I really don't understand the comments made this past week by three Fed Governors who discussed at length the possibility of raising rates in April. Their comments about the strength in the labor force and the impending resurgence of inflation seem at odds with the Fed and Janet Yellen's comments after last week's Fed meeting. In fact, it had a swift impact on all financial markets.
As one would expect, the dollar rose appreciably, the yield curve flattened, commodity prices fell as did stock markets. What are investors to think? What is the Fed really thinking? Confusing for sure, but the real danger is the Fed will lose credibility, which, if lost, is hard to regain. Confidence in them is a key factor in analyzing the financial markets. Will there be a change in mindset toward the Fed or their policy?
Ask yourself: why would the Fed even consider raising rates at this point in time as our economy remains in a soft patch, economic weakness continues in the Eurozone and Japan, and China is muddling through (with growth over 6%) with dangers to the downside. I recognize that the employment data continues to improve grudgingly but hourly earnings are not. I also acknowledge that energy and commodity prices have moved up off bottom but overall inflation is still running well beneath 2%.
Does the Fed believe its own revised forecasts put out last week, which had decelerating rates of economic growth with inflation staying beneath 2% until 2018, or not? Is that the scenario the Fed really wants? Is 2+% growth our potential? Something is fishy, and these Fed governors certainly appear out of step with the recent Fed meeting or… are they trying to manage expectations by creating a two-way market?
The final revision to fourth quarter GNP data was reported on Friday; and while it did show small improvement versus the last reported number, the rate of gain in fourth quarter GNP was still an anemic 1.4%, which was down from a 2.0% gain in the 3rd quarter. GNP growth for the year came in at 2.4%. Household spending rose by 2.4% in the quarter but trade and change in inventories remained very weak. Two disturbing numbers in the quarter that don't bode well for future employment and economic growth were a 3.1% decline in corporate profits and a 2.1% decline in capital spending.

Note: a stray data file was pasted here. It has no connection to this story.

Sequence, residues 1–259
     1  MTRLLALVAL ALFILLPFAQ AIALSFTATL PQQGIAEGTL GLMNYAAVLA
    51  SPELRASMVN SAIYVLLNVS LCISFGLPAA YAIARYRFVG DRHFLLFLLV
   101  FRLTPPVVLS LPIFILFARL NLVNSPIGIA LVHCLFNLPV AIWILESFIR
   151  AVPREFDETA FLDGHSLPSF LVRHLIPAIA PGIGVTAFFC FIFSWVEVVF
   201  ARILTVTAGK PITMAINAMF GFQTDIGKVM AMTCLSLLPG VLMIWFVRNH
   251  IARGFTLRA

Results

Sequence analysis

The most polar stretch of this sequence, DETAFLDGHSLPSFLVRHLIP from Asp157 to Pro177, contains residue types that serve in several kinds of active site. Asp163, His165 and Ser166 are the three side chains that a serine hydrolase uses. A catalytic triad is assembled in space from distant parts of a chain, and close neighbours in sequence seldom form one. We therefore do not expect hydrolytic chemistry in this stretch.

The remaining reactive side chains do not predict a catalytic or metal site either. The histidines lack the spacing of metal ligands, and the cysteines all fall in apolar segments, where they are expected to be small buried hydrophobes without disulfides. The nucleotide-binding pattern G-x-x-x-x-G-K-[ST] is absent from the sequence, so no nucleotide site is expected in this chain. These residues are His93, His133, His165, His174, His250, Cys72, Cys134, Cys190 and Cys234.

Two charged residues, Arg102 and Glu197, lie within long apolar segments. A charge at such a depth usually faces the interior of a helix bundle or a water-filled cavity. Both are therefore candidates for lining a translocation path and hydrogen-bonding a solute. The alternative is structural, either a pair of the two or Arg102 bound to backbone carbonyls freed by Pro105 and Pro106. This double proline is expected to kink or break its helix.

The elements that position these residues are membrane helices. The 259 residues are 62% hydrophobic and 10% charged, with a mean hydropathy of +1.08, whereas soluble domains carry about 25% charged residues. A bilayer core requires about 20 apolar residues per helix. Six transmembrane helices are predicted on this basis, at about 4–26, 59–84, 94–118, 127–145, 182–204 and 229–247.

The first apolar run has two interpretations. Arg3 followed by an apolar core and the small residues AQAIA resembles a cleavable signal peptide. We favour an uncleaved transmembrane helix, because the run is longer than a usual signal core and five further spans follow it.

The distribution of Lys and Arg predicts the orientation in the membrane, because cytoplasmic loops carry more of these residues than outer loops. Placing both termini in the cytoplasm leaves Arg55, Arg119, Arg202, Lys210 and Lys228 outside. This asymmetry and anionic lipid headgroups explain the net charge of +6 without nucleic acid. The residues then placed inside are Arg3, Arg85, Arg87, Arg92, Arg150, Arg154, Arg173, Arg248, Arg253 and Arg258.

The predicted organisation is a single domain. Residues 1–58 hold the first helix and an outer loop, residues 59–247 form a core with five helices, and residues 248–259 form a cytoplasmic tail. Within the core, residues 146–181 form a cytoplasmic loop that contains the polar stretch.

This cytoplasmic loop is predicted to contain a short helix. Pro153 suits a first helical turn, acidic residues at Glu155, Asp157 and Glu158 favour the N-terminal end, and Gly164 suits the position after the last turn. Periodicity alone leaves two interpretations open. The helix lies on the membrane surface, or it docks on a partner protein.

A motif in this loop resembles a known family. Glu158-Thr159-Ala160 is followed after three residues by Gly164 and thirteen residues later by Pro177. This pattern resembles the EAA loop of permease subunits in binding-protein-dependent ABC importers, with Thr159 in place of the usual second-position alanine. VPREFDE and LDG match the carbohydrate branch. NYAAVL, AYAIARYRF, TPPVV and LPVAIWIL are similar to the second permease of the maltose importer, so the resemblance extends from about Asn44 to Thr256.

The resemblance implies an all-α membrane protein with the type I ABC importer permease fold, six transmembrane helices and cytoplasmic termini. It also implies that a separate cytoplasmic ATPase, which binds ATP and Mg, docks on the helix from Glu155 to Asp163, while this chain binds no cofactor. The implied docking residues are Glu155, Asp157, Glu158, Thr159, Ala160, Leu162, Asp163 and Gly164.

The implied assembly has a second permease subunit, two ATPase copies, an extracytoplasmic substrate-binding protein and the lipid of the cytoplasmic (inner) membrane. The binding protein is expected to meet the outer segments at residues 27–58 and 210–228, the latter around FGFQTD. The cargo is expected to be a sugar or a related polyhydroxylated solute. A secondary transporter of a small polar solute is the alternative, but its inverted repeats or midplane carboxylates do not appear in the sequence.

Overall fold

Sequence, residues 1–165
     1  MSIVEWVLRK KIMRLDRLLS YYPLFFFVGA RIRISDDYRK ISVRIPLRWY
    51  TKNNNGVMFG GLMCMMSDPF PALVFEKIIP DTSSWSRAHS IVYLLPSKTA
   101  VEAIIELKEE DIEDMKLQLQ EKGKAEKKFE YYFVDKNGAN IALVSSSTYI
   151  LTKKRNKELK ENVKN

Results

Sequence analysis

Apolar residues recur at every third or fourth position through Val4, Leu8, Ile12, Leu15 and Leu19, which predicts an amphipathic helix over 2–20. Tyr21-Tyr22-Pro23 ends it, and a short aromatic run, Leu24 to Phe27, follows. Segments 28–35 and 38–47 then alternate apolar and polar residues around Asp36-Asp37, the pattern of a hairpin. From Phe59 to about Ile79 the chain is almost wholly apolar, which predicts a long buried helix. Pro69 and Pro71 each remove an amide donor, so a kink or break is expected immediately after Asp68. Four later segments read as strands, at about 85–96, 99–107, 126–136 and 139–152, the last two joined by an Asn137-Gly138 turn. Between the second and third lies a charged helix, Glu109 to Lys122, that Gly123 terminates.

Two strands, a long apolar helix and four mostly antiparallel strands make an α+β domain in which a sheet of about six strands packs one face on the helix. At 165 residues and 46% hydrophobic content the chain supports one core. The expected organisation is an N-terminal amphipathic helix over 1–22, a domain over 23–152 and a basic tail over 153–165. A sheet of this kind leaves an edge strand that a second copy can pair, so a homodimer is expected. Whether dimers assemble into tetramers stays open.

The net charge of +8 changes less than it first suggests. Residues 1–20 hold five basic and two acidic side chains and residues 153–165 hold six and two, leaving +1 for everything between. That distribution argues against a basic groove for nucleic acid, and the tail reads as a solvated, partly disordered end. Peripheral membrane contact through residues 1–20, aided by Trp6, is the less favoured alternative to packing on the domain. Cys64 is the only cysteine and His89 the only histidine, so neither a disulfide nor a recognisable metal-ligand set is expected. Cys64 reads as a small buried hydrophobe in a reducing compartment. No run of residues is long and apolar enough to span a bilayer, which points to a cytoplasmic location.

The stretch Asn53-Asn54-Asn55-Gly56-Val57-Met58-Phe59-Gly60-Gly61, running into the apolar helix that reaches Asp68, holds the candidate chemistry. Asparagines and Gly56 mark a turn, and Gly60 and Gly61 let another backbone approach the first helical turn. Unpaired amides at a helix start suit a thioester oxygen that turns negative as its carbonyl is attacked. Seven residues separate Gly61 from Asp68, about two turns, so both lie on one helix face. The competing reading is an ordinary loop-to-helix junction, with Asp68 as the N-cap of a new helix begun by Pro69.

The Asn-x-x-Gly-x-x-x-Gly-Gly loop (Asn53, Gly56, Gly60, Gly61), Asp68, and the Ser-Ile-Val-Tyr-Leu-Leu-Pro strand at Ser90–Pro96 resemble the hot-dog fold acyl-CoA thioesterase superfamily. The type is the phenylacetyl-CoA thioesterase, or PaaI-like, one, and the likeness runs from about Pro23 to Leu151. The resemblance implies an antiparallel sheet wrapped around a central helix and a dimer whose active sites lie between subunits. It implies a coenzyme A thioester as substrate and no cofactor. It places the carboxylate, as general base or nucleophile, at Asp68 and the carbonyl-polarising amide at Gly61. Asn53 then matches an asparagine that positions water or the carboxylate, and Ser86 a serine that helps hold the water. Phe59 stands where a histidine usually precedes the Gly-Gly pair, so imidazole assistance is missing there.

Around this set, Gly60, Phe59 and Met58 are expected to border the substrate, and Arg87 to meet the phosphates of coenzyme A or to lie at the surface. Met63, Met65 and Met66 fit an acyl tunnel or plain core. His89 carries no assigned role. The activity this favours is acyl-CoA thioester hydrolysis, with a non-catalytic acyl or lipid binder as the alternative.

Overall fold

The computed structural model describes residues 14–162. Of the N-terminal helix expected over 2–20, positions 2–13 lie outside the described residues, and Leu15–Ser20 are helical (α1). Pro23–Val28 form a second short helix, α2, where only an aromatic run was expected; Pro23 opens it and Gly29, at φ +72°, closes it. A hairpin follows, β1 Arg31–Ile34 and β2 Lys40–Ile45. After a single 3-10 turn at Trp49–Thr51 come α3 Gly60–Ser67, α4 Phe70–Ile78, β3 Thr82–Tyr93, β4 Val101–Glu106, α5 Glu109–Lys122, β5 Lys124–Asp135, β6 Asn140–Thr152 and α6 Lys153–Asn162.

Let's exclude weakness overseas for a moment and just focus on the U.S. economy and Fed policy. The Fed is forecasting growth of 2.2% this year down slightly from last year, with further declines in rates of growth in 2017 and 2018 to 2.1% and 2.0% respectively. Inflation is forecasted at 1.2% in 2016, 1.9% in 2017 and hitting the fed target of 2.0% sometime in 2018. Against the backdrop of a weak fourth quarter and continued weakness so far this year, why would the Fed consider another rate hike at this time?
How will the U.S. remain the engine for global growth if the Fed raises rates at this critical juncture?
The Fed needs our economy to regain some momentum before tapping the brakes. Would they risk making the same mistake they made in December when they raised rates? Hopefully a lesson was learned then and they now know better. That is my call.
Economic statistics reported this week support growth in the lower end of our 2-2.5% expected range for 2016: U.S. existing home sales fell 7.1% while inventories rose 4.4%; commercial property sales fell dramatically in February; durable sales ex-transportation declined 1.0%; the consumer comfort index fell slightly to 43.6 from 44.3 the prior week, and Redbook chain sales accelerated to an anemic 0.8% year/year gain from 0.6% year/year gain the prior week. Nothing real good to write home about.